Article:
|home : ancient Greece : index : article by Jona Lendering ©|
Herodotus of Halicarnassus
||The Greek researcher
Herodotus of Halicarnassus (fifth century BCE) was
the world's first historian. In The Histories,
he describes the expansion of the Achaemenid
empire under its kings Cyrus
the Great, Cambyses
I the Great, culminating in king Xerxes'
expedition in 480 BCE against the Greeks, which met with disaster in the
naval engagement at Salamis
and the battles at Plataea
Herodotus' remarkable book also contains excellent ethnographic descriptions
of the peoples that the Persians have conquered, fairy tales, gossip, legends,
and a very humanitarian morale. (A summary with some historical comments
can be found
This is the eighth part of an article in eight pieces.
Herodotus on causality
Herodotus as a
Herodotus the moralist
was published by K. Hude in the Oxford Classical Texts (1960). Other editions
vary from this text on minor details only.
There are several commentaries on Herodotus. Asheri, Lloyd and Corcella, A Commentary on Herodotus Books I-IV (2007) is now the main text, but has not yet fully replaced the old Commentary on Herodotus by W.W. How and J. Wells. Excellent is the commentary on Herodotus. Book Two by Alan Lloyd. Its three volumes appeared in Leiden between 1975 and 1988. They are a treasury of information on Herodotus' Egyptian logoiand have an important appendix on chronology; the corresponding chapters in the Asheri/Lloyd/Corcella commentary are essentially a summary and update of these books.
J. Gould's study on Herodotus (1987 London) is a good introduction
and gives enough clues to find more specialized literature. Brill's
Companion to Herodotus by Egbert Bakker, Irene de Jong and Hans van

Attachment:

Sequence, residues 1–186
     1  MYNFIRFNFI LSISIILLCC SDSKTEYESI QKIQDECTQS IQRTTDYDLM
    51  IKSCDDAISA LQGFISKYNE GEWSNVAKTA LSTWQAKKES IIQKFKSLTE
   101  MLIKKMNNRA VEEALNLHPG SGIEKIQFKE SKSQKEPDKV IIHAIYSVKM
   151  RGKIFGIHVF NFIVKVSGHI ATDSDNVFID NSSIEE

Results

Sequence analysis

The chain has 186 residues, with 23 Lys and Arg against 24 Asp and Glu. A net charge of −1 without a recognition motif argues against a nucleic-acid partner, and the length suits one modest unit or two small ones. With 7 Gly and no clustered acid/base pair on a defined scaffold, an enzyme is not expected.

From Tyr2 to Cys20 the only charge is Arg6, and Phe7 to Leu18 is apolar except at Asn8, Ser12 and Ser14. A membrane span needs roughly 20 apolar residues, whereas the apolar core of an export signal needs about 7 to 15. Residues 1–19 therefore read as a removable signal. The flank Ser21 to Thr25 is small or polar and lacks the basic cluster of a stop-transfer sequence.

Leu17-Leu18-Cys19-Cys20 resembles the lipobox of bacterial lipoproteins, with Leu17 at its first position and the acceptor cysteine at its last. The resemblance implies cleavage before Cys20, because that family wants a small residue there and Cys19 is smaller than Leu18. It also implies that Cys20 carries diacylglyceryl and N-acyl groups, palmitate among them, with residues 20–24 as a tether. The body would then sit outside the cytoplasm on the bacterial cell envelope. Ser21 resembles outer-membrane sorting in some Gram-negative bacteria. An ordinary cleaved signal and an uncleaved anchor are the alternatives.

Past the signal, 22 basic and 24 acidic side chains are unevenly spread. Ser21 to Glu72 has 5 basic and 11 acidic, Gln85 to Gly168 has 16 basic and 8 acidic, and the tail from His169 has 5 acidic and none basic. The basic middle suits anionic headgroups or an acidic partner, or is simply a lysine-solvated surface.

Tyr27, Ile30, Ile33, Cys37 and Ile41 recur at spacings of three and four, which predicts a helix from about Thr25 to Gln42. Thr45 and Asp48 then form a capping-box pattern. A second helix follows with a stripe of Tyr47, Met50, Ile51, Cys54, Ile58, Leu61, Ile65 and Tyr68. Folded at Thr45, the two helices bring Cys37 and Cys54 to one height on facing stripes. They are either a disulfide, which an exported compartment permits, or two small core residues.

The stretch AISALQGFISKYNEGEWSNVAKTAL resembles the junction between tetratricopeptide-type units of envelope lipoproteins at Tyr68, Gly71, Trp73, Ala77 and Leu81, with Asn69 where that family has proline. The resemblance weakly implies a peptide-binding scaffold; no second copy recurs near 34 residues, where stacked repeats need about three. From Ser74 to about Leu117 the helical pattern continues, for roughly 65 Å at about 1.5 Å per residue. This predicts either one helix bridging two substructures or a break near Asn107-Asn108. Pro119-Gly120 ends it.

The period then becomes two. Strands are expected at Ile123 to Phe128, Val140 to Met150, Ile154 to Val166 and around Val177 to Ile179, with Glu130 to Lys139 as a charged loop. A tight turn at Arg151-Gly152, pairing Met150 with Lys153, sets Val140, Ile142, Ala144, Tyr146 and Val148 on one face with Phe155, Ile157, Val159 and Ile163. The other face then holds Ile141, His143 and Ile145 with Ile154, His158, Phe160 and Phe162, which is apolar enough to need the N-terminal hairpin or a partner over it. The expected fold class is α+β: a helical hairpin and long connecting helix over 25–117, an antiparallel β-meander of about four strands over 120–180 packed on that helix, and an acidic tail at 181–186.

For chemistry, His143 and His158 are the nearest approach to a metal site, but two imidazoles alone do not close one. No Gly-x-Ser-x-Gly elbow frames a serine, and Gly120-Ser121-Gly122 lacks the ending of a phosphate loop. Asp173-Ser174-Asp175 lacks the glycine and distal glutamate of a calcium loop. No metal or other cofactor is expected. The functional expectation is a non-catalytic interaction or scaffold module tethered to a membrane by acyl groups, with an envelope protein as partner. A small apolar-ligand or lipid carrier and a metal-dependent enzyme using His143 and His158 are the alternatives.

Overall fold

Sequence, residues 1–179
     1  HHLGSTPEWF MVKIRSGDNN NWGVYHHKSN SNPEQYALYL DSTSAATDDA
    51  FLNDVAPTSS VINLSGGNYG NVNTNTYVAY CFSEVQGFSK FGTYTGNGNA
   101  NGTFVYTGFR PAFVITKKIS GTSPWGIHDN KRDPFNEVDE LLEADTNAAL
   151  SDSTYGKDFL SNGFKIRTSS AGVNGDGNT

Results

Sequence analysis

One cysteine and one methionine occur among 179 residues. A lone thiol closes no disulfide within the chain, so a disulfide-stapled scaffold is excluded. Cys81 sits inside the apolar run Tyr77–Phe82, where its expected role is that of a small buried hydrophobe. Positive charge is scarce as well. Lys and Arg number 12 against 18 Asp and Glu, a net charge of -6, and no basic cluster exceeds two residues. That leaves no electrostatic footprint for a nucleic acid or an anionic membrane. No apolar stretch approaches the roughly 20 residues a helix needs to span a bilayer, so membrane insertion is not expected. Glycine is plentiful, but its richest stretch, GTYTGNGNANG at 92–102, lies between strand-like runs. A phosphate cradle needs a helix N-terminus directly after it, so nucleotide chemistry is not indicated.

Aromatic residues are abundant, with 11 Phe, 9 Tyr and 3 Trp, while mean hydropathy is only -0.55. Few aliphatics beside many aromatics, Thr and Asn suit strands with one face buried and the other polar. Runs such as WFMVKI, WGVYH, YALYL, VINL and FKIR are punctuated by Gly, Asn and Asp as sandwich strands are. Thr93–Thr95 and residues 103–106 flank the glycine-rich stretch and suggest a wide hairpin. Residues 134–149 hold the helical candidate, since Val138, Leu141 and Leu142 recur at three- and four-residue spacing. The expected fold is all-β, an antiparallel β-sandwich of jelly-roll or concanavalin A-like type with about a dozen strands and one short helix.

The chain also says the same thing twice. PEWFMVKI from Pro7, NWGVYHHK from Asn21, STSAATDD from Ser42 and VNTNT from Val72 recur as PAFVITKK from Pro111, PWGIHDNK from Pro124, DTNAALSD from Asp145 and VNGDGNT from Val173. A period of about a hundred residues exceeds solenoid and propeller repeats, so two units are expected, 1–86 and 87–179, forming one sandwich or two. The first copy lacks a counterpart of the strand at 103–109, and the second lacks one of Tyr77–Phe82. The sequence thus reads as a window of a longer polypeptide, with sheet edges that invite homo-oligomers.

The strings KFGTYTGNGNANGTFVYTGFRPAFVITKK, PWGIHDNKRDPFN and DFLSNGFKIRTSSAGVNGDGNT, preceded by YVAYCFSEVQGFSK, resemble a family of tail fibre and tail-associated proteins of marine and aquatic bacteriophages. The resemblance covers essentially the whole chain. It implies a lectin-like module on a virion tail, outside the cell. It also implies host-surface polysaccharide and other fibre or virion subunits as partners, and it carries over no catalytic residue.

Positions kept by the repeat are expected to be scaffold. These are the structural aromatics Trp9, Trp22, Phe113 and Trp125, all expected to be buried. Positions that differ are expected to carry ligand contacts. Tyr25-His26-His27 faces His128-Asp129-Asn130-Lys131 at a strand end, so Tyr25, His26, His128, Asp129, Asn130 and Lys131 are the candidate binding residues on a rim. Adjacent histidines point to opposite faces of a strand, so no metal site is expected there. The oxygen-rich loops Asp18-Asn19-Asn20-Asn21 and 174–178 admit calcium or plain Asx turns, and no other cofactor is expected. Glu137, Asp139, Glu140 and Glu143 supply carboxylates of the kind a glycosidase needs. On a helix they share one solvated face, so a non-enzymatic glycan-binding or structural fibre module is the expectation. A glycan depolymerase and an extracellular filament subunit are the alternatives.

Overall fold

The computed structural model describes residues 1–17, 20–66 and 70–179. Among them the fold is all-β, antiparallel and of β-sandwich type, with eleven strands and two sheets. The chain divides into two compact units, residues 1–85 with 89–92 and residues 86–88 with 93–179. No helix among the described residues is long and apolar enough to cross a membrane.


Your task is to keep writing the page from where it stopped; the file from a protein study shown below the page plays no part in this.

Wees (eds.; 2002 Leiden) is your guide for further study. Important is
Pierre Briant's study on the Achaemenid
empire, Historie de l' empire Perse. De Cyrus a Alexandre (1996
Paris). It is the first comprehensive study of the subject. Those interested
in Herodotus' Greek topography must try to obtain Dietrich Müller's
Bildkommentar zu den Historien Herodotos', I: Greece 1987 Tübingen;
II: Asia Minor 1997 Tübingen).
|Some specialized literature: Silvana
Cagnazzi's article 'Tavola dei 28 logoi di Erodoto' on Herodotus' logoi
can be found in the journal Hermes 103 (1975), page 385-423. Fehling's
Quellenangabe bei Herodot. Studien zur Erzählkunst Herodots was
published in 1971 in Berlin (English translation: Herodotus and his
'sources'. Citation, invention and narrative art, 1989 New York). It
should be supplemented by R. Rollinger, Herodots babylonischer
Logos. Eine kritische Untersuchung der glaubwürdigkeitsdiskussion
(1993, Innsbruck). On the functions of the ethnographical digressions in
general: Rosaria Vignolo Munson, Telling Wonders: Ethnographic and Political
Discourse in the Work of Herodotus (2002 Ann Arbor).
On the Persian Wars, one might read C. Hignett's very detailed and clever Xerxes' invasion of Greece (1963, Oxford). A.R. Burn's Persia and the Greeks. The defence of the West, c.546-478 B.C. (second edition: 1984 London) also discusses some cuneiform evidence. One could also read Peter Green's The Greco-Persian wars (1996, Berkeley), which is a revised and updated edition of an older book.
A fine novel about the Persian court, and the relations between Greece, Persia, India and even China is Creation by Gore Vidal (published in 1981). Don't believe everything you read, but it is fun.